Mister Eclectic (howeird) wrote,
Mister Eclectic

HP7.2 and Beach Party

Caught the first morning 3D non-IMAX showing of Harry Potter at the Mercado at 10:30 (actual movie started at 10:50), I was there at about 10, but there was no line, and the theater never got more than 15% full. Mostly adults.

Non-spoiler review is pretty simple. Excellent technical production all around except for dialog audio, which was sometimes muffled and hard to pull out of the background music. Anything critical was repeated enough times that this was mostly not an issue. There were a handful of shots which were specifically made for 3D, and those popped a bit too much - the quality of the video in those improved so much over the rest of the film it was a little distracting, but also an "ooh, aah" moment. Most of the movie was shot for 2D, but the 3D enhancement was such that you could not watch without the glasses. I liked the way it looked.

There was some actual acting here and there. Alan Rickman had some extraordinary moments to counter his dull Snape-on-ludes scenes.Dame Maggie Smith is outstanding as Prof. McGonnagall. Michael Gambon had some interesting scenes as well, and as much as I admire his acting cred, it's a shame Richard Harris didn't live to finish the role. Warwick Davis as the goblin Griphook has a bright shining moment at the start of the film, but in the end is the victim of cliché scriptwriting and what happens to many directors when they try to do "poignant" in the middle of a pandemonium scene. Emma Watson (Hermoine) and Rupert Grint (Ron) both show a lot of promise, and Evanna Lynch as Luna Lovegood steals the show three different times. No such thing as small parts, etc.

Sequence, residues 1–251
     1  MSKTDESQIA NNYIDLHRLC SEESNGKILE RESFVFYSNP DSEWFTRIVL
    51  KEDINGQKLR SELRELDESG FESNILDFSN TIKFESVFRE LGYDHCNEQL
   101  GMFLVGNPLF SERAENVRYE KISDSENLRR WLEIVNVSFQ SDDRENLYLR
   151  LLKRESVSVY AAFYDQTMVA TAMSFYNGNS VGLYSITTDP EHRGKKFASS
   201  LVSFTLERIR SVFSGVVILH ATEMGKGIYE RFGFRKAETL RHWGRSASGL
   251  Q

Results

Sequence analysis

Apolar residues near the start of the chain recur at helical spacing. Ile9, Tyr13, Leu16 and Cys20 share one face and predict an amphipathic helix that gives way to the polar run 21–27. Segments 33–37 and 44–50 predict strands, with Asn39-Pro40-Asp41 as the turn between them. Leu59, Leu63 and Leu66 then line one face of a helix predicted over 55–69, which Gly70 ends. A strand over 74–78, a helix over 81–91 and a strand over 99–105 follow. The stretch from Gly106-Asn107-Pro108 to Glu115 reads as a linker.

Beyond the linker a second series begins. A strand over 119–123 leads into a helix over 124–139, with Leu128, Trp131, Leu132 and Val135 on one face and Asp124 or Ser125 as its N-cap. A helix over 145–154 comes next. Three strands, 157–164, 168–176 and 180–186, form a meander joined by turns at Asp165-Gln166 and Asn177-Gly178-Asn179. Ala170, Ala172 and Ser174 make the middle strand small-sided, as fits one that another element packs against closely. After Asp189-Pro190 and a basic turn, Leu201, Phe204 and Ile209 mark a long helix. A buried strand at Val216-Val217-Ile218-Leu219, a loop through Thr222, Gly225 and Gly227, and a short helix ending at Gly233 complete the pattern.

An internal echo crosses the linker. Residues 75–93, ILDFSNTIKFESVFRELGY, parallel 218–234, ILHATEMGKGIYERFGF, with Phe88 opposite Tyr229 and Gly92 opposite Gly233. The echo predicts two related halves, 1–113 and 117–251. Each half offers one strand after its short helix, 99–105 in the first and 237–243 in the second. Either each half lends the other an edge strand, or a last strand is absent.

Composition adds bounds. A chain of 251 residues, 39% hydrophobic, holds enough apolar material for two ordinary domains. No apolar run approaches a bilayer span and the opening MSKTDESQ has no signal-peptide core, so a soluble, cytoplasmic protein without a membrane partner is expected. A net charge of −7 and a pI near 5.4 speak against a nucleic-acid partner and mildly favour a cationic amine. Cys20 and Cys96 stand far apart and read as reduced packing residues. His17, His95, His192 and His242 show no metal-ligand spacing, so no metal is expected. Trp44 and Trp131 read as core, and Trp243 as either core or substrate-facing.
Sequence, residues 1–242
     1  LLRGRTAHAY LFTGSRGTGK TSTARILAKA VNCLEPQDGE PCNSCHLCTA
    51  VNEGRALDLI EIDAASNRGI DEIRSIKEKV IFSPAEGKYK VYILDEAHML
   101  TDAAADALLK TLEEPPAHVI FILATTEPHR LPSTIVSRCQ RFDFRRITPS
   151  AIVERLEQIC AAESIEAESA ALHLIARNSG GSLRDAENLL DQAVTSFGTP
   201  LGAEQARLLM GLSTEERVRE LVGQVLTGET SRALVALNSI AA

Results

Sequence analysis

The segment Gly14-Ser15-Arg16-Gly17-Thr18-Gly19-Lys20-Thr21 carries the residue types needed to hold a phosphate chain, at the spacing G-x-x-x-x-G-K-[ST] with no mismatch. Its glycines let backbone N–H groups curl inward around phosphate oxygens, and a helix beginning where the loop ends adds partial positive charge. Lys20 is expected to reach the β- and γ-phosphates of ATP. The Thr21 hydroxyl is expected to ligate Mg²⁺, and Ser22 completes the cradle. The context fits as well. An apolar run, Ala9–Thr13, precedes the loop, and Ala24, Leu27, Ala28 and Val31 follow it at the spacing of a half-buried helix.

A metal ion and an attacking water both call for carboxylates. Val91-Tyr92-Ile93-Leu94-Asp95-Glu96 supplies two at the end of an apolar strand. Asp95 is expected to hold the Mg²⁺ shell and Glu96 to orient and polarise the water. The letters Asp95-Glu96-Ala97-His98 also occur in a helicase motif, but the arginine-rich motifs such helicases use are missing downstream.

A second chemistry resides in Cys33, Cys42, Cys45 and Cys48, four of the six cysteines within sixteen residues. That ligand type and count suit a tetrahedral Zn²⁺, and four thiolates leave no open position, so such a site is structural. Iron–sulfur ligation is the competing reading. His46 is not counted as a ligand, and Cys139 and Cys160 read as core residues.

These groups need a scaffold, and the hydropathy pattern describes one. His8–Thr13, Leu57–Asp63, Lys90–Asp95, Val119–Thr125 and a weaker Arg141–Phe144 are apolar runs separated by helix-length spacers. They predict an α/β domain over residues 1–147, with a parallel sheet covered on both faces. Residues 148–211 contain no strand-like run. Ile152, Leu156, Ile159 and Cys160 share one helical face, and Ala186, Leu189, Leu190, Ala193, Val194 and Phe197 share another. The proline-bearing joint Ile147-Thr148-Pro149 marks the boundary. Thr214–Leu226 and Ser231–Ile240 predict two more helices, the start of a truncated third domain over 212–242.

Helena Bonham Carter as Bellatrix phones it in for the most part, but the last 15 seconds we see of her is priceless. John Hurt as Ollivander also phones it in, but without any redemption later on.

Ralph Fiennes' Volemort suffers from poor writing and directing, ditto Daniel Radcliffe's Harry. We don't see enough of Ginny, but what we do see is Bonnie Wright appears to have put on some weight, and looks too mature for the part.

And now a word about Neville Longbottom. I loved what Rawlings and the script writers did with the part. Sadly, Matthew Lewis comes off as far too competent to play the bumbling Neville. He is no longer the squat, chubby-faced lad who lamely tags along. He's tall, and in great shape now, and played the part with way too much confidence. This is a rare case where they could have done with a change of actor.

I think I'll stop there - there were other instances of good (and awful) acting, but I think I've hit the highlights.

I won't say anything about the story or how true the movie was to it. The score is the expected rehash of the previous movies, and a lot of it is looping rather than actual music. It's not too annoying. The closing credits start with very cheap text on blank background, I bailed shortly after they started up, since I did not want to waste 10 minutes just in case there was an Easter egg.

Bottom line: worth matinee 3D and the online $1 ticket fee.